On Sunday I taught the lesson in Priesthood, and I taught a make-up lesson from the JS manual, the chapter on Charity. One of the segments in that lesson has Joseph Smith referring to 1 Corinthians 13, which I think is the best exposition on charity to be found in the scriptures. During that discussion, one of the members of the quorum made the remark “If it’s easy, it’s not charity”, in response to Paul’s challenging verses in that chapter, and at that point, I decided to steer the lesson in the direction of football- I freely confess that at this time of year, I have a hard time thinking about anything but football when I’m in Church.
For those of you who don’t follow football- stay with me while I explain this. Michael Vick was a football player for the Atlanta Falcons, and at one point was the highest-paid player in the game. A few years ago, he was arrested on charges of financing and helping to run a dogfighting ring, where dogs are bred and tortured to fight while their owners bet on the outcome. The indictment against Michael Vick was horrifying to read, and he ended up pleading guilty and was sent to federal prison. This was the biggest story in sports, as it was the biggest, fastest fall of a career that any of us had ever seen. Many people, including myself, believed that Michael Vick’s image was beyond repair; he would serve his time, fall into obscurity, and never play a down of football in the NFL again.
A couple of weeks ago, Michael Vick’s time in prison was nearing an end as he was simultaneously working through bankruptcy proceedings. Those of us who follow football were speculating on what Michael would do next, but I would guess that most of us doubted he would never be able to return to football given the heinous nature of his crime.
As I followed the news reports and commentary, all of my feelings on the matter changed with the mention of one name: Tony Dungy. Tony is the former coach of the Indianapolis Colts and Tampa Bay Buccaneers, and he is a man who spent his offseason free time helping to run a Christian prison fellowship program, going frightening places to reach out to people in prison who society has cast off and forgotten, and teach them very basic life skills in the context of the gospel of Jesus Christ. That is what Tony Dungy has spent his years doing off the field; on the field, he has been a soft-spoken, kind-hearted coach who has gotten phenomenal levels of performance from his NFL teams without the yelling, cussing, and nastiness that characterize so many coaches in sports. His life is a rebuke to cynics like me. If there is a saint in the world of sports, it is Tony Dungy. In terms of people I admire, who I think exemplify the Gospel lived the way it should be, I rank him right up with my hero, Spencer W. Kimball.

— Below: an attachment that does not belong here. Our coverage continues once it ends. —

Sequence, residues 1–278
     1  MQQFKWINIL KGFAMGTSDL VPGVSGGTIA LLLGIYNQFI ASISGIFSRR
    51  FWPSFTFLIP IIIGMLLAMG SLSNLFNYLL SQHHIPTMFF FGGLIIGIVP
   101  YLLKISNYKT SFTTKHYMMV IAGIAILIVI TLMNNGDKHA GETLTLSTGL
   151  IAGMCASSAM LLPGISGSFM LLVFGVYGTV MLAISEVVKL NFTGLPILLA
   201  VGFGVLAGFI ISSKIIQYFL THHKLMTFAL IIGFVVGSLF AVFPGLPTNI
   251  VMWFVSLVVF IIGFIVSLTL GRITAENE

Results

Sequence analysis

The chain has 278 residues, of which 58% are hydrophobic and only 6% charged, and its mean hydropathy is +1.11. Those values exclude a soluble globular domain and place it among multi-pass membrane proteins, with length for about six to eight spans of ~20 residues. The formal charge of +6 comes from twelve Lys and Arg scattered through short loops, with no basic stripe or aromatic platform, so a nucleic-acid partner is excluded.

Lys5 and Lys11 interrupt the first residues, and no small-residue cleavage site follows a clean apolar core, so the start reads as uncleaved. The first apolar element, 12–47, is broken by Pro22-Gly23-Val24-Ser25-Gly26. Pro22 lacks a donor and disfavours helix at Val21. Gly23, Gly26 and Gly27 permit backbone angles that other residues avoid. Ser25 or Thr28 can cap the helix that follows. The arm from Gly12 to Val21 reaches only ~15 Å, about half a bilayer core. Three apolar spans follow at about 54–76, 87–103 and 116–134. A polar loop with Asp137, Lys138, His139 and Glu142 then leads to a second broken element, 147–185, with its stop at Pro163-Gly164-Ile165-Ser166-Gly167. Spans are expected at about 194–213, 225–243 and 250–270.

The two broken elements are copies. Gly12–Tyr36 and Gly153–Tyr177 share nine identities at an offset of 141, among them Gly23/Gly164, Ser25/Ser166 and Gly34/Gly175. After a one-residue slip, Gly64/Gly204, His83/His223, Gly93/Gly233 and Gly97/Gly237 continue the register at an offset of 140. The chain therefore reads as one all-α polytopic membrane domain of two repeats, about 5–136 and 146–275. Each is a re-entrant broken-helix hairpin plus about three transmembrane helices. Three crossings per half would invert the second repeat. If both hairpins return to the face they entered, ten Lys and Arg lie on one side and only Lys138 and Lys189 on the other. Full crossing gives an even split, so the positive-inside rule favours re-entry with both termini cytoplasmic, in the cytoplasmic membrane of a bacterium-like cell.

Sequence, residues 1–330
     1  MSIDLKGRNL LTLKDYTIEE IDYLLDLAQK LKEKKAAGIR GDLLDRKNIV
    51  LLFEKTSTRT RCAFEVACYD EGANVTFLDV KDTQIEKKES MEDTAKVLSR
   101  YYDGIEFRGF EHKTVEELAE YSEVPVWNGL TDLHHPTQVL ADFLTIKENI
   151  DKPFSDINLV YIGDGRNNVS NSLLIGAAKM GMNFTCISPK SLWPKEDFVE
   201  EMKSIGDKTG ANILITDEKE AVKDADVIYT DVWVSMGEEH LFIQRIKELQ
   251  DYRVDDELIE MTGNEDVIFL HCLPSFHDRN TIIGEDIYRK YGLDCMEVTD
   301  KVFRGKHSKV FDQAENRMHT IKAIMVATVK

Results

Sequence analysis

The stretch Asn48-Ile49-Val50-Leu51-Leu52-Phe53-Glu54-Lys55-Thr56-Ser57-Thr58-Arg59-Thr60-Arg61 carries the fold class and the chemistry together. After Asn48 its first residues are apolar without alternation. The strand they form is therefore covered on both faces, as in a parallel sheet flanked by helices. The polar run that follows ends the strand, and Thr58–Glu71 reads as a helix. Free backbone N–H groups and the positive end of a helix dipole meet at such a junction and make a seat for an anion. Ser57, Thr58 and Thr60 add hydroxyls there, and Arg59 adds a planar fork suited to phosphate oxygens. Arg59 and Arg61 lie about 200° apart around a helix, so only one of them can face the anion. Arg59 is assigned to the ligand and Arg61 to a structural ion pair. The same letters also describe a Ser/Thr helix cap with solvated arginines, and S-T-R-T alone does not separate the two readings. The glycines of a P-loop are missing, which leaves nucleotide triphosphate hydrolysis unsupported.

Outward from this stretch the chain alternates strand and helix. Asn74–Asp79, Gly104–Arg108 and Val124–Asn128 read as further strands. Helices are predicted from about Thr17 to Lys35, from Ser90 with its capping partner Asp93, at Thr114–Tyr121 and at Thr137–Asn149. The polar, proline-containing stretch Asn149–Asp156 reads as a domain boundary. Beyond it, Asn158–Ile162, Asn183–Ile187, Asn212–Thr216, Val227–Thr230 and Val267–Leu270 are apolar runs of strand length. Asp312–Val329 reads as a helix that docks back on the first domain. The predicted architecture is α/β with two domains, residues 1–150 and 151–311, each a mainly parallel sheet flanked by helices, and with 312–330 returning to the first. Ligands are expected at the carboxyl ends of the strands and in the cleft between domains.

When I heard the news that Michael Vick was being released from prison, I did not see any way he could redeem himself to the point that he would be able to play football, until I heard a commentator on the radio say “We don’t know if Michael Vick truly changed in prison, but one thing we do know is that Tony Dungy has been working with him.”
Instantly, like a reboot to my moral reasoning, I could see the possibility of Michael Vick returning to football.
Last week, the Philadelphia Eagles’ LDS coach, Andy Reid, announced that the Eagles, a team known for valuing character and team players, were going to be the team to give Michael Vick a second chance at football and in life. Coach Reid mentioned that he had not only interviewed Michael Vick for this new job, but also Tony Dungy. Coach Dungy, bringing the strength of his moral authority, recommended Michael Vick’s reinstatement to football and his placement with the always-prolific Eagles, and with Coach Dungy seated at the table in the press conference, I did not feel I could retain resentment towards Michael Vick for his horrifying sin.


Joseph Smith:

The power and glory of godliness is spread out on a broad principle to throw out the mantle of charity. God does not look on sin with allowance, but when men have sinned, there must be allowance made for them. … The nearer we get to our heavenly Father, the more we are disposed to look with compassion on perishing souls; we feel that we want to take them upon our shoulders, and cast their sins behind our backs. …

As we talked about this in quorum, I think we were reminded of our own need for a Mediator whose strength is sufficient to enable us to go places where we lack the moral credibility to go, in this life and the next, the way Tony Dungy enables the severely-damaged Michael Vick to go and be in the company of perennial contenders. This wasn’t the only time I’ve cried talking about football, just the first time it’s happened in Church.